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Oasis, Arctic Monkeys, Nirvana, MIA And Other Massive Artists' First Ever NME Covers

Here's a blast from the past. From Blur and Blondie to Madonna and MIA, here's 23 of the biggest names the world of music has had to offer these last 50 years as they appeared on their first ever NME cover - for a lot of these artists, milestone moments in incredible careers...

  • Yeah Yeah Yeahs – March 8 2003: Hip, moody, mysterious and goddam pretty, YYYs were born cover stars. They’d just delivered the finest American debut of that year, which made a new idol for arty punks everywhere out of frontwoman Karen O. “Girls in the front row were jumping up and grinding against Karen” guitarist Nick reported from an early gig "She seems to inspire that sort of thing.”

    Photo: NME

    Added: 14 Apr 2015

  • Nirvana – November 23 1991: Two months after the release of ‘Nevermind’, Nirvana had their first NME cover. Around the time, Cobain told NME that the album’s name came from his disgust in the face of apathy: “People just don’t do things very often anymore. I’m kinda disturbed by it.”

    Photo: AJ Barrett/NME

    Added: 14 Apr 2015

  • Blur – July 20 1991: Two singles in and on the cusp of a third, Graham Coxon reveals the band’s schooldays. “There’s this idea that we were sort of arrogant weirdos who didn’t fit in at all, but that’s not really true. Damon was a bit like that! I was just strange in that… I wanted to wear cardigans and ties.”

    Photo: Ed Sirrs/NME

    Added: 14 Apr 2015

  • Kasabian – December 4 2004: Three months after their acclaimed self-titled debut LP, Kasabian were staying admirably humble. Frontman Tom Meighan said: “Form wise you can’t touch us; no one comes near, no-ones on our planet, on our scale. Fuck the Americans. I’m sick of your fucking three-minute, scuzzy garage rock shit.”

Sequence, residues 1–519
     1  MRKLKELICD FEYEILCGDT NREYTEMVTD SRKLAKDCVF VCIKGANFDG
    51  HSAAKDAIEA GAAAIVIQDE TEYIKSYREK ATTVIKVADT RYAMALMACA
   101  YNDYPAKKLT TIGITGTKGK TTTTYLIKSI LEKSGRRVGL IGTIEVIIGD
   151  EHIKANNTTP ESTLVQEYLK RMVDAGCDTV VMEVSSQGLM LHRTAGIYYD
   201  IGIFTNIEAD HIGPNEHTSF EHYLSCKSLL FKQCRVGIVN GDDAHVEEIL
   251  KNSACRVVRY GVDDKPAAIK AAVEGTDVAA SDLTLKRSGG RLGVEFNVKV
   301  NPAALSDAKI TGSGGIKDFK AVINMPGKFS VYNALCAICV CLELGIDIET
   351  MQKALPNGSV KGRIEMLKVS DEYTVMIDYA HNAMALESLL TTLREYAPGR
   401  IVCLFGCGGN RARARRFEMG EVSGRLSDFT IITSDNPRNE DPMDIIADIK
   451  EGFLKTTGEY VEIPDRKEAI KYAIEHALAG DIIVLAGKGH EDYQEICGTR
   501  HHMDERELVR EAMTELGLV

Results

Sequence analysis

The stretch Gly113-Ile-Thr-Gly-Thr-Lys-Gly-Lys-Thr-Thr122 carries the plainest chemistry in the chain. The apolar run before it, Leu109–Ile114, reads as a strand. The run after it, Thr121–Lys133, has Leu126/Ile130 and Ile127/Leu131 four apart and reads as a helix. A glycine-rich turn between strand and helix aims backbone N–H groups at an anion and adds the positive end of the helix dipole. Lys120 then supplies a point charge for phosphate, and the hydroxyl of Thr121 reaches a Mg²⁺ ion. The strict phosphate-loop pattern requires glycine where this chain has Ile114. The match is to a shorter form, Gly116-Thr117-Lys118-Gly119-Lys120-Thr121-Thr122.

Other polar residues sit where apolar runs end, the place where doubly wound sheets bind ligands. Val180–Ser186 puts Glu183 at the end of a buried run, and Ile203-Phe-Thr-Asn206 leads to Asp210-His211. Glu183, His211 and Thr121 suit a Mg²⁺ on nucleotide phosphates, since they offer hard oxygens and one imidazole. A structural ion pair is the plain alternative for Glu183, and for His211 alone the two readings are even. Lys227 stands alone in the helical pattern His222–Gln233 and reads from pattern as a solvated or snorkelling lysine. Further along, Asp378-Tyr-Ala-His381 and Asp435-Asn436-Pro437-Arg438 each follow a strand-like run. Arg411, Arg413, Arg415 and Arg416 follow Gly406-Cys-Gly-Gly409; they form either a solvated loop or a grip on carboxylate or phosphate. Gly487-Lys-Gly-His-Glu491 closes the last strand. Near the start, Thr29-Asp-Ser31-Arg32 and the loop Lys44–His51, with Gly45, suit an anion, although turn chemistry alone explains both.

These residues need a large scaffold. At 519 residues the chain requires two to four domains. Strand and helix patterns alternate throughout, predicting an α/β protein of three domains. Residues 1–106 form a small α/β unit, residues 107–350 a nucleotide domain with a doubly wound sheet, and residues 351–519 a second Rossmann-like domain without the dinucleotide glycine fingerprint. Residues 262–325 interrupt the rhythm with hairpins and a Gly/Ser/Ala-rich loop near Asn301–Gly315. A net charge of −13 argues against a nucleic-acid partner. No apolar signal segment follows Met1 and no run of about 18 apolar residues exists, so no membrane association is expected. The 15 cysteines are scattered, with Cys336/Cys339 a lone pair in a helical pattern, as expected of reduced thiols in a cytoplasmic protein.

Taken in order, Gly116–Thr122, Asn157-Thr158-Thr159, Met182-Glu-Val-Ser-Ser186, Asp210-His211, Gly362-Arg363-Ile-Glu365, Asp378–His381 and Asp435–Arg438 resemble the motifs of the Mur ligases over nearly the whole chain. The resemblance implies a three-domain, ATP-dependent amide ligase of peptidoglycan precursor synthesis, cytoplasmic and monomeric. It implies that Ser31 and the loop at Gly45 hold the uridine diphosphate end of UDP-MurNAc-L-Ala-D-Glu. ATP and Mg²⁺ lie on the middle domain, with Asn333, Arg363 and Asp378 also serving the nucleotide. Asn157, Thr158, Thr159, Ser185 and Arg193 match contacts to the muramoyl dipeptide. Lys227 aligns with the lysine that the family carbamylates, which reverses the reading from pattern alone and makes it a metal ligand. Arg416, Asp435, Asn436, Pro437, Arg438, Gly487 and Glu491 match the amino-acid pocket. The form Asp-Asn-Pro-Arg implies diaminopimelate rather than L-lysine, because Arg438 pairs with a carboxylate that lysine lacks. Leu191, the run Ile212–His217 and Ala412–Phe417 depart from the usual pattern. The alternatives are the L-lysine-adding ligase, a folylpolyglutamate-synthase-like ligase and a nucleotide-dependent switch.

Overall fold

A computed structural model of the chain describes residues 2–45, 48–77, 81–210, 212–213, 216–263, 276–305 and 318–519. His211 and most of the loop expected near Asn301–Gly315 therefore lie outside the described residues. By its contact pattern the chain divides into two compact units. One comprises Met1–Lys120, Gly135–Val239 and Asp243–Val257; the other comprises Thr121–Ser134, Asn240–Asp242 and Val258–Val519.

Photo: Sam Jones/NME

    Added: 14 Apr 2015

  • Arctic Monkeys – October 29 2005: Arctic Monkeys earned their first cover just two weeks after the release of their debut single. Mid-interview they’re interrupted by a gang of 16-year-old fans, and Turner adds: “Noel Gallagher were talking about us on the radio,” said Turner. “We were pissing ourselves.” So young.

    Photo: Dean Chalkley/NME

    Added: 14 Apr 2015

  • Florence + the Machine – January 10 2009: Six months prior to the release of Lungs, Florence Welch’s star was rising, apparently totally by accident. “I have no plan, no attention span and very little focus,” she said. She also spoke about her sweet sixteen – which was spent jumping out of trees. “It felt amazing hitting the ground.” Right.

    Photo: Tom Oxley/NME

    Added: 14 Apr 2015

  • The Who – May 23 1970: In NME’s review of The Who’s ‘Live at Leeds’ album, they are named “just about the most exciting visual act in the world.” You wonder how they’d fare against their modern-day competitors – hopefully they’d come up with something better than light-up wristbands.

    Photo: NME

    Added: 14 Apr 2015

  • Amy Winehouse – July 26 2011: Amy’s first cover – a black-and-white tribute – came three days after her tragic death at the age of 27. Four months later came her second, in which Mark Ronson, Nas and Salaam Remi detailed her unreleased music, later released as ‘Lioness: Hidden Treasures’.

    Photo: Dean Chalkley/NME

    Added: 14 Apr 2015